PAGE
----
British Columbia is at a tipping point. A provincial policy, program and regulatory framework is in place to help local governments bridge the gap between policy and action (i.e. a new standard of practice). The first step is to acknowledge that there is a problem with standard practice, and recognize that immediate action is required to remedy the problem.

    From Awareness to Action:

    The process to adopt, change or evolve standards of practice is slow. Bridging the gap between policy and action relies on local governments that lead by example and undertake how-to-do-it demonstration applications. On Vancouver Island, applications of the Water Balance Methodology have been completed in three regional districts along the east coast of the Island. These have proven out how to:
    • apply science-based understanding;
    • establish watershed-based performance targets; and
    • downscale those performance targets to the site scale.

    This Watershed Case Profile presents capsule summaries of each demonstration application. But it does more than that. It provides an explanation of the problem and the solution. It then closes with an overview of Sustainable Watershed Systems, through Asset Management. The latter foreshadows a potentially powerful regulatory driver for transforming drainage engineering practice at the site scale.

    The table below  is a synopsis. It distills the essence of each section into a succinct statement. These create a storyline. Readers should pause and reflect on them before reading the story itself.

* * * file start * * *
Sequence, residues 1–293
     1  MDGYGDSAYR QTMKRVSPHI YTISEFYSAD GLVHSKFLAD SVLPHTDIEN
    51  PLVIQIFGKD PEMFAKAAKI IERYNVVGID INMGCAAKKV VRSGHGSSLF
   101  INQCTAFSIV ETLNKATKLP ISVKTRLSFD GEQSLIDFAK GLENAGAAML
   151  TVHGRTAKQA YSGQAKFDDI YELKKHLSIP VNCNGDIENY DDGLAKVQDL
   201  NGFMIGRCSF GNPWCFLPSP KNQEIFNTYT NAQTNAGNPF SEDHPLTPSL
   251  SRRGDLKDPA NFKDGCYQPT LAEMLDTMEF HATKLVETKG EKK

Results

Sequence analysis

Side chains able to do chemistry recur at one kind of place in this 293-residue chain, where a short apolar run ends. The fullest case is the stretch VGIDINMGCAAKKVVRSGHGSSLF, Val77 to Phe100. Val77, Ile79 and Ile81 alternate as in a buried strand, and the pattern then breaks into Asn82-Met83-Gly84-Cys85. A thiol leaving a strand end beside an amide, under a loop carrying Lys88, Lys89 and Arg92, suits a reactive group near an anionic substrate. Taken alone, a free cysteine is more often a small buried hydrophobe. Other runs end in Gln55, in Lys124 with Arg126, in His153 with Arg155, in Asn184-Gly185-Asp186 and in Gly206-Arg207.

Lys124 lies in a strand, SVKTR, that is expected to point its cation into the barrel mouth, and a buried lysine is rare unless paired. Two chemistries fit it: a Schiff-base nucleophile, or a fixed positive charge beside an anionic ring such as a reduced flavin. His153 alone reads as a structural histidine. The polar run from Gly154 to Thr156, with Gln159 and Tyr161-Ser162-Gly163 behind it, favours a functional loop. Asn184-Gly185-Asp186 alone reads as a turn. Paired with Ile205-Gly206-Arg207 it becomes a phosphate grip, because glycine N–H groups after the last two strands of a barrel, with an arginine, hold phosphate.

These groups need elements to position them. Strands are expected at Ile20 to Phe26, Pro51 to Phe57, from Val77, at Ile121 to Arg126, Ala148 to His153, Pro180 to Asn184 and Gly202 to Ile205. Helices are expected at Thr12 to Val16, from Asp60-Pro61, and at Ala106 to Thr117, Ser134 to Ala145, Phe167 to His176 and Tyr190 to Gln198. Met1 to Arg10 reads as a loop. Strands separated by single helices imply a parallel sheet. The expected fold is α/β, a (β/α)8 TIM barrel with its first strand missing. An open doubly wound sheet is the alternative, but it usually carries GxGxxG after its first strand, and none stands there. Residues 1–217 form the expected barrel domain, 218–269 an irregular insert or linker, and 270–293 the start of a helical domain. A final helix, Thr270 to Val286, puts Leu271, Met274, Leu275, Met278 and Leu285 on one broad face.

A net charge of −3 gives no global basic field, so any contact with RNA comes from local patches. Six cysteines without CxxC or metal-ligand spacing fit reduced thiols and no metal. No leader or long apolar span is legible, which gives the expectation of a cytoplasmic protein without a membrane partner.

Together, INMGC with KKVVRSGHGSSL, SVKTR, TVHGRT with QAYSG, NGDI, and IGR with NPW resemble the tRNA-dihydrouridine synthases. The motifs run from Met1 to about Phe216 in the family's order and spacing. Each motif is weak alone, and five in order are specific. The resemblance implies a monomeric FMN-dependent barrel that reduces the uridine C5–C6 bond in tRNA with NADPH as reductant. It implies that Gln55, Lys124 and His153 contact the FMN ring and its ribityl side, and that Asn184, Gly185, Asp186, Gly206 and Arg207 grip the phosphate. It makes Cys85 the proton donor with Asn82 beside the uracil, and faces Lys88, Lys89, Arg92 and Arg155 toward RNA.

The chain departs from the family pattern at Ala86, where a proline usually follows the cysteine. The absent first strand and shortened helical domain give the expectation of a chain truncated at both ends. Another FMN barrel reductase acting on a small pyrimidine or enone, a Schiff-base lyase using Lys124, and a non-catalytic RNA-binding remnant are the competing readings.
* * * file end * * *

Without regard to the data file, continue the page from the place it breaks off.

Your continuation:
3. YEAR IN REVIEW: “In 2017. the Partnership for Water Sustainability greatly enhanced the capabilities of the Water Balance family of tools to make real the vision for the ‘BC Framework’ for sustainable service delivery,” stated Ted van der Gulik, President, when reflecting on program accomplishments

    Comments Off on YEAR IN REVIEW: “In 2017. the Partnership for Water Sustainability greatly enhanced the capabilities of the Water Balance family of tools to make real the vision for the ‘BC Framework’ for sustainable service delivery,” stated Ted van der Gulik, President, when reflecting on program accomplishments

    Note to Reader:

    No longer is asset management only about hard engineered assets – watermains, sewers, roads. Watershed systems are also “infrastructure assets”.

    Already facing a $200 billion challenge for renewal of hard infrastructure, Asset Management for Sustainable Service Delivery: A BC Framework provides a financial driver for local governments in British Columbia to integrate a whole-system, water balance approach and climate adaptation into asset management.